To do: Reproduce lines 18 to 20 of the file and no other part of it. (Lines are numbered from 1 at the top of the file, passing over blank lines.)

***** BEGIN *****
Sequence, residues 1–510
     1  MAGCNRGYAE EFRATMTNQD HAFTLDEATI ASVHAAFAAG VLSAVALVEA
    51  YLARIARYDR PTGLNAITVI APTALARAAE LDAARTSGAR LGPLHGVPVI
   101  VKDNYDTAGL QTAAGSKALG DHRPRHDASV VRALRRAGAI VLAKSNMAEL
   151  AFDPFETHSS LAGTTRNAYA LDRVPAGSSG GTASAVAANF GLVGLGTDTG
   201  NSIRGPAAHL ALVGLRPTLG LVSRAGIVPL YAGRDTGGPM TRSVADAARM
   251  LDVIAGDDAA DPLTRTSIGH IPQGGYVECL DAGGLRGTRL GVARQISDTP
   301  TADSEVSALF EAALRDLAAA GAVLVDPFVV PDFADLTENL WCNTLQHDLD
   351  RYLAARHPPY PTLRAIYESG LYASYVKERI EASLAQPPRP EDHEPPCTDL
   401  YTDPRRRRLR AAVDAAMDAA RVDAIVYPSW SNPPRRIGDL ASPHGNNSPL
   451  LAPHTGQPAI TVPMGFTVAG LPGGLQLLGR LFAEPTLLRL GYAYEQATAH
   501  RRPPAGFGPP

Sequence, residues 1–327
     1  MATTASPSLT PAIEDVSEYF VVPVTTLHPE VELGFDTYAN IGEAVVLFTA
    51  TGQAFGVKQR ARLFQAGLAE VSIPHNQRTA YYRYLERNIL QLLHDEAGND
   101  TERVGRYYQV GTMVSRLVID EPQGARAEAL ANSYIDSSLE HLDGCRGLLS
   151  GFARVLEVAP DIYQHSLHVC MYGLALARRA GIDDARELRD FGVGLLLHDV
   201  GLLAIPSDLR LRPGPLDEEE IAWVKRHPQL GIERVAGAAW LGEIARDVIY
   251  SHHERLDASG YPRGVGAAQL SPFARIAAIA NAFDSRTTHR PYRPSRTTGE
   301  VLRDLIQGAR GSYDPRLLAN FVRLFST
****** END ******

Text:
   201  GLLAIPSDLR LRPGPLDEEE IAWVKRHPQL GIERVAGAAW LGEIARDVIY
   251  SHHERLDASG YPRGVGAAQL SPFARIAAIA NAFDSRTTHR PYRPSRTTGE
   301  VLRDLIQGAR GSYDPRLLAN FVRLFST